Nice Work? Are workers taking the strain in the economic downturn?


Read the full PDF report here: Nice work? Are workers taking the strain in the economic downturn?

Impactt has launched an update of our prevalence data of labour standards issues from 2006 – 2012.

Based on a data set of 678 production sites and 17,500 workers in the apparel, electronics, toys, homewares and food industries, our report highlights how workers continue to pay the price of the global financial crisis. The level of worker exploitation has increased over the last 6 years with people working harder, for wages which can buy them less of what they need, without the ability to bargain for more.

According to our report:

  • Employers around the world report difficulty in attracting and retaining skilled workers. Average labour turnover levels are 7 – 10% in China, 12% in Bangladesh & 15% in India.
  • Rather than incentivising workers to stay, many businesses are still focusing on finding ways to force workers to remain. We found forced labour practices at 33% of sites visited in 2012.
  • Workers continue to have poor access to effective trade unions, with workers at 91% of sites saying that they do not have access to fully effective worker representation mechanisms.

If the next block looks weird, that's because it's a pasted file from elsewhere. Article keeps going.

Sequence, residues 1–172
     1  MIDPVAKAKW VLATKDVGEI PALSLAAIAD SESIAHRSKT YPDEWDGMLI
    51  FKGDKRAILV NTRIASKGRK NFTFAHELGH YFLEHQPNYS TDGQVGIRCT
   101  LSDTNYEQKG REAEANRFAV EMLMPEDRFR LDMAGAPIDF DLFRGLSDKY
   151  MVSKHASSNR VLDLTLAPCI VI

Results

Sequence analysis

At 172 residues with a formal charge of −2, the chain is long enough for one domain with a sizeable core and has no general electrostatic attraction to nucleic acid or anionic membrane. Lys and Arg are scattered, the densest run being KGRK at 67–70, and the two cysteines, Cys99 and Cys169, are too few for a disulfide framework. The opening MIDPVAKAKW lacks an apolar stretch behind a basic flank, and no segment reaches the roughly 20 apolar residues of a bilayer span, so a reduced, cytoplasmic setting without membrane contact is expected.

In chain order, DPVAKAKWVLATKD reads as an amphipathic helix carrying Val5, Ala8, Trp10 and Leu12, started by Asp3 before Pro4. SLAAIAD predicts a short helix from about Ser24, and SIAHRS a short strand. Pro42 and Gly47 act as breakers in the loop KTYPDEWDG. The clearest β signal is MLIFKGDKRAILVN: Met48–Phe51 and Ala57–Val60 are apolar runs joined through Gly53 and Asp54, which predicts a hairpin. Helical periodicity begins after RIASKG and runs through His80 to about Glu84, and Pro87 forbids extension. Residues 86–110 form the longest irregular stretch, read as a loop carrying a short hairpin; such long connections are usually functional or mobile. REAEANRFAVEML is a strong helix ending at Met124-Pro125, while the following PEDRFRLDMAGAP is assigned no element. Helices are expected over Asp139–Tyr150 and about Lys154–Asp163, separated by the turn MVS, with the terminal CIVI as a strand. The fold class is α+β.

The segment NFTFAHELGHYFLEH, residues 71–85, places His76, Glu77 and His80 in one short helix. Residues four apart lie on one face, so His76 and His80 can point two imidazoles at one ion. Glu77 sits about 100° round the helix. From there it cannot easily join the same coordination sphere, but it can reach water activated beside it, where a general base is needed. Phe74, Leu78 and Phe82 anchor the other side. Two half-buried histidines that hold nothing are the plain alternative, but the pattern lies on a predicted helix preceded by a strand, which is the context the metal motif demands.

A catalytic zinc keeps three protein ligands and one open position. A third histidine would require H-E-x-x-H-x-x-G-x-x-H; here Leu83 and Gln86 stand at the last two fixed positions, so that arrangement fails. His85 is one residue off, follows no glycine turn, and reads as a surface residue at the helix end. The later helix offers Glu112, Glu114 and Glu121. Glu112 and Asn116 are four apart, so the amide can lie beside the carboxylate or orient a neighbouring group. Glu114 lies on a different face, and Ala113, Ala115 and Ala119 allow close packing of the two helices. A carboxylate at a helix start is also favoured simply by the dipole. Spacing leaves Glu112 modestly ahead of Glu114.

• The percentage of sites where workers work more than 60 hours per week remains high at 85%.
  • We are seeing improved compliance in paying the legal minimum wage (78% of sites paid local legal minimum wages in 2012; compared to 16% in 2006). However, the gap between workers’ actual wages and the amount needed to support a household continues to widen globally.

Our data raises four key questions for stakeholders in global value chains:

  • As alternative employment opportunities appear in many economies, working in offices, service-sector jobs, in ‘clean’ electronics factories rather than in ‘dirty’ garment factories, how long will skilled workers be prepared to continue working to service the markets of the West?
  • Where many of these jobs are held by migrants, will alternatives open up for these people to move up and out of manufacturing and take up jobs closer to home?
  • As workers become more demanding in terms of job quality, skilled labour becomes scarcer, costs continue to rise and buyers’ technical specifications become more demanding, how can manufacturers continue to service Western brands and retailers?
  • How can retailers and brands in the West maintain their access to product when new markets are opening up in Russia, across Asia and in the Middle East with buyers who are less demanding?

It is clear that no single actor can create change at the required scale alone. Our report provides recommendations for employers, brands & retailers, consumers, trade unions and governments to improve workers’ welfare & livelihoods through trade and ensure the future sustainability of our supply chains.

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